Michelle, welcome to Reading With Monie and thank you for taking the time to answer my questions.
1. Please tell us a little about your background and your book, Cleopatra’s Daughter.
When I began my career, I never intended to write about ancient Rome. My previous novels were set in Egypt, and I always assumed that my books would remain in the land of desert palaces and tombs. All of that changed with a dive. It wasn’t the kind of dive you take into a swimming pool, but the kind where you squeeze yourself into a wetsuit and wonder just how tasty your rump must appear to passing sharks now that it looks like an elephant seal. My husband and I had taken a trip to Egypt, and at the suggestion of a friend, we decided to go to Alexandria to see the remains of Cleopatra’s underwater city. Let it be known that I had never gone scuba diving before, but after four days with an instructor (and countless questions like, “Will there be sharks? How about jellyfish? If there is an earthquake, what happens underwater?”) we were ready for the real thing.
We drove one morning to the Eastern Harbor in Alexandria. Dozens of other divers were already there, waiting to see what sort of magic lay beneath the waves. I wondered if the real thing could possibly live up to all of the guides and brochures selling this underwater city, lost for thousands of years until now. Then we did the dive, and it was every bit as magical as everyone had promised. We saw the blocks that once formed Marc Antony’s summer palace, came face to face with Cleopatra’s enigmatic sphinx, and floated above ten thousand ancient artifacts, including obelisks, statues, and countless amphorae. By the time we surfaced, I was Cleopatra-obsessed. I wanted to know what had happened to her city once she and Marc Antony had committed suicide. Where did all of its people go? Were they allowed to remain or were they killed by the Romans? And what about her four children?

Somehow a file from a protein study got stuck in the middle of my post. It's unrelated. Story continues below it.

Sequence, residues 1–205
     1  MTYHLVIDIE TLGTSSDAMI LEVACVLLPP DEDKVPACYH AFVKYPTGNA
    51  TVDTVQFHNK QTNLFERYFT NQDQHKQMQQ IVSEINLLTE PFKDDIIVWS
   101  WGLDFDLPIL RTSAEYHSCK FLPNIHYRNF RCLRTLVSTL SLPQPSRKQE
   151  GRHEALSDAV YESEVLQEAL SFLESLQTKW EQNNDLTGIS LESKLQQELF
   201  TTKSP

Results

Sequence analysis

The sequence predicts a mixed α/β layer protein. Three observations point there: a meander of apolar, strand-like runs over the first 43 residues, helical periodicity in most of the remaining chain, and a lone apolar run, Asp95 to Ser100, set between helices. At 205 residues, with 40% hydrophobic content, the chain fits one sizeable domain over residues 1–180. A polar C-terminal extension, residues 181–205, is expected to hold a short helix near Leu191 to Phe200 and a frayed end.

It was this last question that surprised me the most. I had always assumed that Cleopatra’s children had all been murdered. But the Roman conqueror, Octavian, actually spared the three she bore to Marc Antony: her six-year-old son, Ptolemy, and her ten-year-old twins, Alexander and Selene. As soon as I learned that Octavian had taken the three of them to Rome for his Triumph, I knew at once I had my next book. And when I discovered what Cleopatra’s daughter lived through while in exile – rebellion, loss, triumph, love - I absolutely couldn’t wait to start writing. I can only hope that the novel is as exciting and intriguing as the research proved to be. It may be two thousand years in the past, but a great love story, as they say, is timeless.
2. How much research did you do for this book?
All of my three novels thus far have taken between six months and a year to research and plan, with a field trip or two for each. It’s by far the lengthiest part of the process, but easily the most entertaining!